CVS Corp. (CVS): Maintains 4 STARS (accumulate)
Analyst: Joseph Agnese
CVS acquired 1,260 Eckerd drugstores from J.C. Penney for $2.2 billion cash. S&P thinks the acquisition fits well with CVS's strategy of adding stores in faster growing markets. The company expects integration costs to result in a 12 cents to 15 cents dilution to 2004 earnings per share, with synergies adding 15 cents to 20 cents to 2005 earnings per share. S&P is cutting the 2004 earnings per share estimate by 14 cents, to $2.08, and sees 2005 estimates at $2.60. S&P is raising the 12-month target price by $2, to $44, based on S&P's
discounted cash-flow and
price-earnings analyses. Despite expected synergies, S&P's optimism is muted, which is somewhat due to higher risks to turn around the Eckerd stores.
Mandalay Resort (MBG): Maintains 4 STARS (accumulate)
Analyst: Thomas Graves, CFA
The stock is up today after the company provided favorable first-quarter earnings per share guidance. S&P is increasing the fiscal 2005 (Jan.) earnings per share estimate to $3.35, from $3.00, reflecting recent and expected strength from the Las Vegas market. S&P is raising the 12-month target price to $70, from $64, based on the expectation that the shares will trade at a p-e of 21, which is calculated on S&P's calendar year 2004 earnings per share estimates, and is similar to what S&P expects for both the S&P 500 and S&P 400 indices, as well as a group of industry peers. Also, Mandalay's stock has an indicated dividend yield of about 1.8%.
Dominion Resources (D): Downgrades to 3 STARS (hold) from 4 STARS (accumulate)
Analyst: Craig Shere, CFA
Based on S&P's updated models, S&P is lowering the 2004 earnings per share estimate to $4.95, from $5.00, and is initiating the 2005 estimate at $5.15. Dominion's 2004 and 2005 p-e multiples trade about in line with peer averages. The shares have trended somewhat higher since late 2003, and the stock now trades at a slight premium to peers, based on price-to-book and price-to-trailing-operating-cash flow multiples. S&P sees the company's long-term earnings per share growth potential around 5%, in line with its utility peers. S&P would hold, but not add to positions in the shares, which have a current 4% dividend yield.
Nortel Networks (NT): Maintains 3 STARS (hold)
Analyst: Kenneth Leon, Ari Bensinger
The Securities & Exchange Commission has issued a formal order of investigation in connection with Nortel's financial results restatements. This follows last month's placement of two top financial executives on leave, after the company announced that it would likely need to further revise results for one or more earlier periods. Nortel says it's fully cooperating with the SEC and is independently reviewing the matter through its audit committee. Despite an improved telecom capital spending environment, S&P would not add to positions, given the risk of possible restatements.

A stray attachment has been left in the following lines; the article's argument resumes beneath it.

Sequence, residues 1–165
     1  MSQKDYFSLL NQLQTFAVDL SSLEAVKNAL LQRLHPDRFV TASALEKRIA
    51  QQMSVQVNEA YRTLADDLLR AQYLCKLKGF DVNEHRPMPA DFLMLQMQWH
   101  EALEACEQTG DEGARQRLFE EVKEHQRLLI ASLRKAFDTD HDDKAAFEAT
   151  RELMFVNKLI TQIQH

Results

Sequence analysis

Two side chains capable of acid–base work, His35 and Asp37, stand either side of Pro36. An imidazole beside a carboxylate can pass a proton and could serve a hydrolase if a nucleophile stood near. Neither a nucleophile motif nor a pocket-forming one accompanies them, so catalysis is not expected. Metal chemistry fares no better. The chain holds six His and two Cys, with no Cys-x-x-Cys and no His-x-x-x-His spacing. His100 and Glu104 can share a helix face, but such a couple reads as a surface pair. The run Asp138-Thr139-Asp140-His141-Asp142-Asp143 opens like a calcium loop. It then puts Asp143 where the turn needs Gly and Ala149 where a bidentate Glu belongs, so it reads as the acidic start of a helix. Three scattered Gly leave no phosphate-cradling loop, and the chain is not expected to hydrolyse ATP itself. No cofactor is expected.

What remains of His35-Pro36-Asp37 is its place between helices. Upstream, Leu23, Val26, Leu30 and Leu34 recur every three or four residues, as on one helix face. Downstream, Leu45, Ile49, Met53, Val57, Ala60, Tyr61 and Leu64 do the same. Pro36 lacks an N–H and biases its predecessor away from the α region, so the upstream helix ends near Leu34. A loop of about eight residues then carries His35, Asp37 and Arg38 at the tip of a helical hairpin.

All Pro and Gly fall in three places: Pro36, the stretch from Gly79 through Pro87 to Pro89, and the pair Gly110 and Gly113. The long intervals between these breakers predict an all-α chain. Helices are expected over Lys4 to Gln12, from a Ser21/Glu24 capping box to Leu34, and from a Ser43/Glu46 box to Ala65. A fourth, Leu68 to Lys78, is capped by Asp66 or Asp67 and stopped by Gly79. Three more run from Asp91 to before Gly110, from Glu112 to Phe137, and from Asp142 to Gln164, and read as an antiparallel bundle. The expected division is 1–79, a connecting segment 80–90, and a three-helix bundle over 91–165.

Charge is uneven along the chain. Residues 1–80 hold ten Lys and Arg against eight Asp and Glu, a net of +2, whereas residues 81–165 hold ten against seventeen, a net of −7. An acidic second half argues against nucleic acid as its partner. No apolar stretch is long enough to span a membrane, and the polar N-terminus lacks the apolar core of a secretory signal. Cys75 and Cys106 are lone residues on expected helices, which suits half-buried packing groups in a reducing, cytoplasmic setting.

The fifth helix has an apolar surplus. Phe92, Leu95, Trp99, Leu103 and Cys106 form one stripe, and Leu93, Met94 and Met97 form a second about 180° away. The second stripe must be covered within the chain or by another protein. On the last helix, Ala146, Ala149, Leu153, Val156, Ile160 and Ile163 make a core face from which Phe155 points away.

Boeing (BA): Maintains 3 STARS (hold)
Analyst: Robert Friedman, CPA
S&P isn't surprised by reports that the Pentagon will reinstate Boeing as an eligible bidder for military rocket contracts. In 2003, the company was barred from bidding on rocket contracts after it was found that several former employees had allegedly illegally obtained proprietary information from its big rocket competitor Lockheed Martin. S&P believes the Pentagon had little choice but to reinstate Boeing, as there are only two U.S. rocket makers. While Boeing is trading at a discount to S&P's target price of $50, in S&P's view, the discount is not wide enough to merit an upgrade.
Oxford Health (OHP): Maintains 5 STARS (buy)
Analysts: Robert Gold, Phillip Seligman
According to today's Wall Street Journal, WellChoice is in advanced negotiations to purchase Oxford Health in an all-stock transaction valuing Oxford Health at an approximate 25% premium to the current quote. This potential deal makes strategic sense to S&P amid heightening competition from United Health and Aetna in the New York metropolitan region. S&P thinks the premium price is justified by Oxford Health's brand name and competitive strengths. However, S&P wouldn't be surprised to see rival bids emerge due to potential for Federal Trade Commission FTC challenges to a WellChoice/Oxford combination.
First Data (FDC): Maintains 4 STARS (accumulate)
Analyst: Scott Kessler
Late Friday, First Data announced that, on April 1, it experienced a temporary computer hardware problem that affected MasterCard and Visa transactions at Wal-Mart. In some cases, this problem resulted in triplicate postings to consumer credit and debit card accounts. On April 2, First Data processed corrections to the involved accounts and opened a toll-free hotline to assist customers. S&P doesn't think this mishap will materially affect the company and believes that any related pullback would be an enhanced buying opportunity. S&P's 12-month target price remains $51.
Certegy (CEY): Downgrades to 2 STARS (avoid) from 3 STARS (hold)
Analyst: Scott Kessler
Although Certegy trades on par with p-e ratios of certain components of the S&P 1500 Data Processing & Outsourced Services Sub-Industry, its ratio of p-e-to-growth is well above those of peers. S&P expects revenue growth of only 7% in 2004, and 8% in 2005. After the stock rose 8% just last week, S&P believes its shares more than adequately reflect favorable consumer sentiment and spending indications. S&P also thinks Friday's news of the discontinuation of its 7-Eleven Vcom partnership is a modest negative. Based on relative analysis, S&P is trimming the 12-month target price by $1, to $33.